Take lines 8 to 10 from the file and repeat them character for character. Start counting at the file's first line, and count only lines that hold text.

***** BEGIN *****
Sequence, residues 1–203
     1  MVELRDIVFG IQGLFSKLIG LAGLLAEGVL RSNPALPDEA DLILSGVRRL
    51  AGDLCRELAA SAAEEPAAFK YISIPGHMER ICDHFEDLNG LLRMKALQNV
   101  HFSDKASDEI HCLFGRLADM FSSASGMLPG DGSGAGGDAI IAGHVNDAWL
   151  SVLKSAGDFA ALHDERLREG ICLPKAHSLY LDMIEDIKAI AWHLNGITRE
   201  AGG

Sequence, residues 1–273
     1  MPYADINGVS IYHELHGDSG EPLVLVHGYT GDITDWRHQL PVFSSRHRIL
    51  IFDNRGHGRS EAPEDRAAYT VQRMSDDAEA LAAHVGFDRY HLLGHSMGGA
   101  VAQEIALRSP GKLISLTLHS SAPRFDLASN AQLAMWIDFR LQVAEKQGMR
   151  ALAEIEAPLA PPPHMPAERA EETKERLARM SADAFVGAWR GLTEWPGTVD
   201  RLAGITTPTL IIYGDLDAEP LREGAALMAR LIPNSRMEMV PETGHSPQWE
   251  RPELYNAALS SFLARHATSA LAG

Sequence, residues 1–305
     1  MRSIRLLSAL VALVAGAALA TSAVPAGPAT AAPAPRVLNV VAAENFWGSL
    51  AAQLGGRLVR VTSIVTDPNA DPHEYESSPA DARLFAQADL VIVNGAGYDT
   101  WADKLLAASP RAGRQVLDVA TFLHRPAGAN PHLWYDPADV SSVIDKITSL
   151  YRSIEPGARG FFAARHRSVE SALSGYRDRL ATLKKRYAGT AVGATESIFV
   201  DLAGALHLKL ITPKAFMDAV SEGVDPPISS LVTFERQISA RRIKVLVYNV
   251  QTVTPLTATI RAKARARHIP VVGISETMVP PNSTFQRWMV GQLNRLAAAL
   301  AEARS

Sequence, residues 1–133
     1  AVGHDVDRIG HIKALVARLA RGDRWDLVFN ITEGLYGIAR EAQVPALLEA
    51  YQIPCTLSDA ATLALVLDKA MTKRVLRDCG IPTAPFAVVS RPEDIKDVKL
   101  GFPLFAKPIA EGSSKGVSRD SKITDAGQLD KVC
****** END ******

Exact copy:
     1  MPYADINGVS IYHELHGDSG EPLVLVHGYT GDITDWRHQL PVFSSRHRIL
    51  IFDNRGHGRS EAPEDRAAYT VQRMSDDAEA LAAHVGFDRY HLLGHSMGGA
   101  VAQEIALRSP GKLISLTLHS SAPRFDLASN AQLAMWIDFR LQVAEKQGMR